Monday, 10 February 2014

Cosmopolis Review

On the surface, this seems like a film that I should of enjoyed. Directed by David Cronenburg, of the brilliant Scanners, and centering on a reflective young billionaire with some grandiloquent dialogue, it had all the makings of at least an interesting film. Unfortunately this film suffered from an unconvincing cast and a script that was too bloated for its claustrophobic setting of a stretch limo.

Boasting an impressive cast that included Paul Giamatti, Samantha Morton and Mathieu Amalric, this film was sadly and massively let down by its two leading actors, Sarah Gadon and of course, the main attraction!, Robert Pattinson of those Twilight movies. Although the protagonist Eric Packer is meant to be intellectually distant and emotionally unattached, Pattinson decides to play this by imitating an underused ventriloquist doll, blankly voicing the words that he seems to not understand. He is quite positively propped up by everybody else in this film, except Gadon, who plays his estranged wife Elise, who is also equally wooden. You really just don't believe the words coming out of his mouth, and although to some this may amplify the detachment of this youthful world weary character, it just accentuates to me how unsuitable Pattinson was for this part. To me, it seems like they dragged Pattinson into this film to garner a younger audience into a deceptive indie flick, like they did with The Bling Ring and Spring Breakers. I just hope they all went out and brought Naked Lunch afterwards.

The story itself is a slightly surreal day in the life of a young billionaire, who wants to travel across Manhattan to get a hair cut in an old fashioned barbers, only to have his trip majorly delayed by the Presidents visit, talkative sexual conquests, custard pies to the face and the inevitable murder. While broadly a comment on the impending capitalist collapse of the recent 'credit crunch', it seems much more "existentialism for douchebags", with the kind of idealised hedonistic character recently revisited for the umpteenth time by Leonardo DiCaprio in The Wolf of Wall Street. These men, without substantial character development, become trite and indulgent.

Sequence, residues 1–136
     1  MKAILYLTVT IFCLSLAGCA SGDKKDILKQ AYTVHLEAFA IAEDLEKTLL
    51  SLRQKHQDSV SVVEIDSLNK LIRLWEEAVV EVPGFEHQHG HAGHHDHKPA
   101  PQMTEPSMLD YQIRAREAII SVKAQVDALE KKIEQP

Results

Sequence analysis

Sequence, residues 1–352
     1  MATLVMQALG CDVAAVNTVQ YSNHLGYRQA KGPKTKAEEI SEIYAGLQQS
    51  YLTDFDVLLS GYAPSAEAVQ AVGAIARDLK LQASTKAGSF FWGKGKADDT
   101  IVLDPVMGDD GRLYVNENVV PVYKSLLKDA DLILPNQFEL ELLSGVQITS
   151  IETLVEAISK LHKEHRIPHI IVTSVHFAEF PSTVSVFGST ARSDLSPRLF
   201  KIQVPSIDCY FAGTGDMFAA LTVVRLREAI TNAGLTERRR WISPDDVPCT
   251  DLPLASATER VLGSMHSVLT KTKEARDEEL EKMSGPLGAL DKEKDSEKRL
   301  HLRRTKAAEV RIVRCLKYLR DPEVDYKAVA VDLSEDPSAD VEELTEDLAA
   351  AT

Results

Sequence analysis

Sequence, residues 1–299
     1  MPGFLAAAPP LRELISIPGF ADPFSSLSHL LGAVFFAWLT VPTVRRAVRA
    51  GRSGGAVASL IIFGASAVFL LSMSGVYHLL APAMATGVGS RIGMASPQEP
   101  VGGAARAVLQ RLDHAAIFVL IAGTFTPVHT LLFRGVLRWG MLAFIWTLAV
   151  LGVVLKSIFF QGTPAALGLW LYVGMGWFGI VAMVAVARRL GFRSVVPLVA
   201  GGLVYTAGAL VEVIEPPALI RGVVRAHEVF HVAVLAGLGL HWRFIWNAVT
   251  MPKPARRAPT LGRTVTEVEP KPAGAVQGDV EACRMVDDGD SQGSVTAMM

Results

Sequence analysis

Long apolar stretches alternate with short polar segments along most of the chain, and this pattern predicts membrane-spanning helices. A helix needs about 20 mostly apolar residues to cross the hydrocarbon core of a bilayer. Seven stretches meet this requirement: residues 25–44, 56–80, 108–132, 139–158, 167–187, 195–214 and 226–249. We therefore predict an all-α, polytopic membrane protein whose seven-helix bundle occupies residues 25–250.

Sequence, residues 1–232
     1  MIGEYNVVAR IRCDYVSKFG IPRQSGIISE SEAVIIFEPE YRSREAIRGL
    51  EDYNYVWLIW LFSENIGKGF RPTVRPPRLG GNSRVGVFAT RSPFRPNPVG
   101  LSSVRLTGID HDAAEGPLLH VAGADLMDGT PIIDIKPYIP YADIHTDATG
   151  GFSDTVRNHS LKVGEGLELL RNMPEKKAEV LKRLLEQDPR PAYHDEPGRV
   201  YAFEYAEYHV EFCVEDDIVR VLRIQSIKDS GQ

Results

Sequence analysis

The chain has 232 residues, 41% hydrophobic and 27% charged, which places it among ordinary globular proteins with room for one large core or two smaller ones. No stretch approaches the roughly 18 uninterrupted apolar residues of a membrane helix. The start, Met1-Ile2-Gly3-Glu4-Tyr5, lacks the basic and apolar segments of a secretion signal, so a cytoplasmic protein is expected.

Suffering from the same script pains as The Councelor, it seems like too much dialogue was taken from Don DeLillo's original book with not enough space for the actors to interpret it. While the theme's and ideas that are brought up are interesting and well written, the movie is so crammed with dialogue that before you get a chance to digest what you've just heard, your onto another diatribe about the unrealistic chance of buying Rothko's Chapel with a prostitute. It feels bloated and underdeveloped, and suffers badly from its poor casting of its leading character. It's a disappointing 4/10 from me.

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